EY chairman Carmine Di Dibio has expressed ‘‘regret’’ in a letter to clients, which was seen by the Financial Times, over the Big Four accountancy group’s failure to uncover fraud at German fintech company Wirecard sooner.
Wirecard filed for insolvency back in June after it revealed that €1.9bn (£1.7bn) had gone missing from its accounts, after blaming “possibly fraudulent” transactions for the lost funds.
EY’s auditors in its German office did not request important information from a Singapore bank where Wirecard claimed to have the missing funds.
Investors are now preparing to sue Wirecard and EY after creditors were left owing €3.5bn (£3.1bn), with the latter also being investigated by the German authorities.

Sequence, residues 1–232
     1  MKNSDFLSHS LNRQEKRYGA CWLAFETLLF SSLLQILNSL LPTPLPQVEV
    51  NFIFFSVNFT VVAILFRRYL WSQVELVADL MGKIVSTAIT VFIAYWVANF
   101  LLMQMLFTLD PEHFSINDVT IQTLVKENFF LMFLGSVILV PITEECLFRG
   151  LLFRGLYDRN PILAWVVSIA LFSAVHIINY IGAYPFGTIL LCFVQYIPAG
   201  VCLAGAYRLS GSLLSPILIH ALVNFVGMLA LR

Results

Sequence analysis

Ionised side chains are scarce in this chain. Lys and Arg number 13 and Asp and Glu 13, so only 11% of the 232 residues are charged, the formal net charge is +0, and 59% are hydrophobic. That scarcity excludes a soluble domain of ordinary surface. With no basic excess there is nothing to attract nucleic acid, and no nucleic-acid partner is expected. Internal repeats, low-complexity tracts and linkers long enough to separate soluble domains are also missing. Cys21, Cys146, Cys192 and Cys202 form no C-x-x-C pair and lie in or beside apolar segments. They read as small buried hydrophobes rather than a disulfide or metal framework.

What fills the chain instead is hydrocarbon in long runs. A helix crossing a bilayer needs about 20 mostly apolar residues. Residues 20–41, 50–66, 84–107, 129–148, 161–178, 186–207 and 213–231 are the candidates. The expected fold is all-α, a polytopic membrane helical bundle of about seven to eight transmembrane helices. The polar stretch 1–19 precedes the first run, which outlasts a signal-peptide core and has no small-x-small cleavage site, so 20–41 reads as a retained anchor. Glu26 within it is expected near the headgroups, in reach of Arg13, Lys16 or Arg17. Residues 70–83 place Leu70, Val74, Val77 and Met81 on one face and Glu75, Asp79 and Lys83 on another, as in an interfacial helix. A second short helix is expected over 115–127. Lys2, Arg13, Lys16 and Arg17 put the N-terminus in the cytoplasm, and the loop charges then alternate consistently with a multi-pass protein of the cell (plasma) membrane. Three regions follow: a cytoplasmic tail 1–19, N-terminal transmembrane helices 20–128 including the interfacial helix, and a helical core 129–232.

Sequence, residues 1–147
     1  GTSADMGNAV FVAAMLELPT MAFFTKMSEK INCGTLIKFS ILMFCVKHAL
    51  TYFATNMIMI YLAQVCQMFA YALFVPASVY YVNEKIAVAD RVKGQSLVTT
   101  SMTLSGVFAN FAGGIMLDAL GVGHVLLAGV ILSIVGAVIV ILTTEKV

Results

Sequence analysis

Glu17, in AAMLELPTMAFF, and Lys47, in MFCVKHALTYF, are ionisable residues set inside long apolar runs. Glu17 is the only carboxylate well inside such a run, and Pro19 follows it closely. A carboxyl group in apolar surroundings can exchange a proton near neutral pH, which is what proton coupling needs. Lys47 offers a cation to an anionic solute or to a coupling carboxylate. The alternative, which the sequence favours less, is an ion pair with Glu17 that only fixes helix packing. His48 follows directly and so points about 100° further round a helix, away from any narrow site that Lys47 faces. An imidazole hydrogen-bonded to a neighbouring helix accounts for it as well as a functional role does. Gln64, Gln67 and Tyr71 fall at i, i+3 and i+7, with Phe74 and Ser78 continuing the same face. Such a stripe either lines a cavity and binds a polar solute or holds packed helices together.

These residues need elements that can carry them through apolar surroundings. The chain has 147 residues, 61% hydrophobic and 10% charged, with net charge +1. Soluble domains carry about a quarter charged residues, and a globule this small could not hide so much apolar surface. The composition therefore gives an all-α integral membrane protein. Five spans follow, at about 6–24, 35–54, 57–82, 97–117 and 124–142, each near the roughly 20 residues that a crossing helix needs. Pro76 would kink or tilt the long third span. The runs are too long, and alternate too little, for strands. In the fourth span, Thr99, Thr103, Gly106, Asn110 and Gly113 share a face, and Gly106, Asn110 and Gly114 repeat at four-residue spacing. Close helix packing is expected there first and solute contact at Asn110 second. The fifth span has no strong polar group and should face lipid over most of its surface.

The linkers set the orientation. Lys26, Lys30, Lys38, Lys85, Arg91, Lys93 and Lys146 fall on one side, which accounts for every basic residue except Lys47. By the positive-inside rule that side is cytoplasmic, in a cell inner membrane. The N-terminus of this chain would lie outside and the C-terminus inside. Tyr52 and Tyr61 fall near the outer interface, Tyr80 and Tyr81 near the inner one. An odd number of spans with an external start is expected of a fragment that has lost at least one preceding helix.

In his letter to clients, Di Dibio said: ‘‘Many people believe that the fraud at Wirecard should have been detected earlier and we fully understand that. Even though we were successful in uncovering the fraud, we regret that it was not uncovered sooner.
‘‘The collusive acts of fraud at Wirecard were implemented through a highly complex criminal network designed to deceive everyone — investors, banks, supervisory authorities, investigating lawyers and forensic auditors, as well as ourselves.’’
He added: ‘‘Whilst the primary responsibility for the prevention and detection of fraud is with the management and supervisory boards, audits should play more of a role in the future to detect material frauds.’’